Diane Plebbeater is also a regular guest on Channel 6’s ‘Get up and go to work’ morning show where she hosts features on mandatory spontaneous combustion for those out of work or less fortunate than herself. If you want to reach Diane, keep dreaming Cowboy, keep dreaming.

 

 Final word. But seriously…

Back to me (Garry). I originally wanted to write a rant this week, as I am genuinely fed up off having headlines based on statistics telling us that ‘everything’s alright again’ pushed on us almost daily. It seems we are in the season for good news from the government, but I don’t buy it.

The reason I don’t buy it is because, I’m guessing, 99% of us aren’t statisticians, and simply being told that x% is now y%, according to a survey (often contested), should not guarantee politicians headline status. Often these figures are wrong, we don’t have the expertise to scrutinise them, and any retractions or corrections are either printed weeks later (in the case of newspapers) or covered with far less prominence (on the TV and radio). And either way, even if challenges are covered in the article or feature itself, the headline strap or sound-bite is usually sufficient to seed the message into many people’s minds – far more I suspect than those who will take time to research the claims or digest the full feature.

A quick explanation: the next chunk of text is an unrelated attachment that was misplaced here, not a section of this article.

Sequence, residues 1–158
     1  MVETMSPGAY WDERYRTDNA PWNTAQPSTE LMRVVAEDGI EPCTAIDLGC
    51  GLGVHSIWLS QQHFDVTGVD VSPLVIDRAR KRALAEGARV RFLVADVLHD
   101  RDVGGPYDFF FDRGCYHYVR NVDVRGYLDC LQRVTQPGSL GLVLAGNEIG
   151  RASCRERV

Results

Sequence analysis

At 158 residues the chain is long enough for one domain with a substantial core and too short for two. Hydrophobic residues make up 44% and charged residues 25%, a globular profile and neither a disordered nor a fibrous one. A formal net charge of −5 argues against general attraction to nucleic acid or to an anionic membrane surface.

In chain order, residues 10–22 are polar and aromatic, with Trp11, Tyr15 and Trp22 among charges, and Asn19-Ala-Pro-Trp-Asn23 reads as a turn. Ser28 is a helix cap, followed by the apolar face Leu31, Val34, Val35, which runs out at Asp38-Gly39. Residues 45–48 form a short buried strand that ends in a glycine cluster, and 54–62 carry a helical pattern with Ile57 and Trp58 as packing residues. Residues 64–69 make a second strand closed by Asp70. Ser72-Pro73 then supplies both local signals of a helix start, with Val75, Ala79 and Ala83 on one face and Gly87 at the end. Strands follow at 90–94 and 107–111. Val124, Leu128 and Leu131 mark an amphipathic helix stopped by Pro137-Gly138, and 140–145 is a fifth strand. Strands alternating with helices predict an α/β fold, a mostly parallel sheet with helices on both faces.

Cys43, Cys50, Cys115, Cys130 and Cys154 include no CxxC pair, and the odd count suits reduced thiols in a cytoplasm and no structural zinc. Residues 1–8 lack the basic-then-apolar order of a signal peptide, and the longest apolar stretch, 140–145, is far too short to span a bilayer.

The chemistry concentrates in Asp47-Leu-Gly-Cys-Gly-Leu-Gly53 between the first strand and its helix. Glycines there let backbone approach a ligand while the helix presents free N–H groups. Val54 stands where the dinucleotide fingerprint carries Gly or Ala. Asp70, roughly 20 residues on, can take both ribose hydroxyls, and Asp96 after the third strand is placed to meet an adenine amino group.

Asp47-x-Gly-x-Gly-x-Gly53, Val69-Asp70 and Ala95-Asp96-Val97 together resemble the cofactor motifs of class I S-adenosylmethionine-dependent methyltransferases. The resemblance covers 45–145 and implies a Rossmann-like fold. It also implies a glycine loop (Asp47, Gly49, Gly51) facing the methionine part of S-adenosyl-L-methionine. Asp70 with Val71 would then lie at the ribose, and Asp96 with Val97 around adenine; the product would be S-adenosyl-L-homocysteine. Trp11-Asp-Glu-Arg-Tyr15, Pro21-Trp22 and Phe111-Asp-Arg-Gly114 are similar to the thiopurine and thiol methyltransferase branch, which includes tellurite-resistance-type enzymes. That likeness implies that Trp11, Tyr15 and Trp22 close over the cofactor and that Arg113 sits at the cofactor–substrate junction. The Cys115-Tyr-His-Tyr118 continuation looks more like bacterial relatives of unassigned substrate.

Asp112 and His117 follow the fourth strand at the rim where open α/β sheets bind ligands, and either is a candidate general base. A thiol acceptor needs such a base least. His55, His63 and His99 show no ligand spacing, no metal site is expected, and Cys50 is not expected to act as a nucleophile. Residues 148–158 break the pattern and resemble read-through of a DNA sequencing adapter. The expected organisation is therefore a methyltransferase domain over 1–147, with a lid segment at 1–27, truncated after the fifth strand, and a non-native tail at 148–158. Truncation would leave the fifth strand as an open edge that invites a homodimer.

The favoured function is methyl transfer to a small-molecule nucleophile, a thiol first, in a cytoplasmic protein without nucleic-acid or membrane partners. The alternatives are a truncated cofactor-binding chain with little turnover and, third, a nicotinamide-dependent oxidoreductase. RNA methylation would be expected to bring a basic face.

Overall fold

But as I said, I didn’t feel like ranting this week at any length, I felt like writing a sarcastic parody article about cocooned reporting of issues from people in a position who are in no way affected by the difficulties facing so many vulnerable people. So that’s what I just gone done.

Thanks for reading!

Do we BENEFIT from IMMIGRATION? (a brief exploration of semantic influence).

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Can you see what I did there in the title? I conflated two loaded terms together to make one all pervasive semantically primed caption – designed to capture your attention and activate certain feelings and emotional responses that are being subconsciously suggested to you on a daily basis through the myriad of programming on these two topics.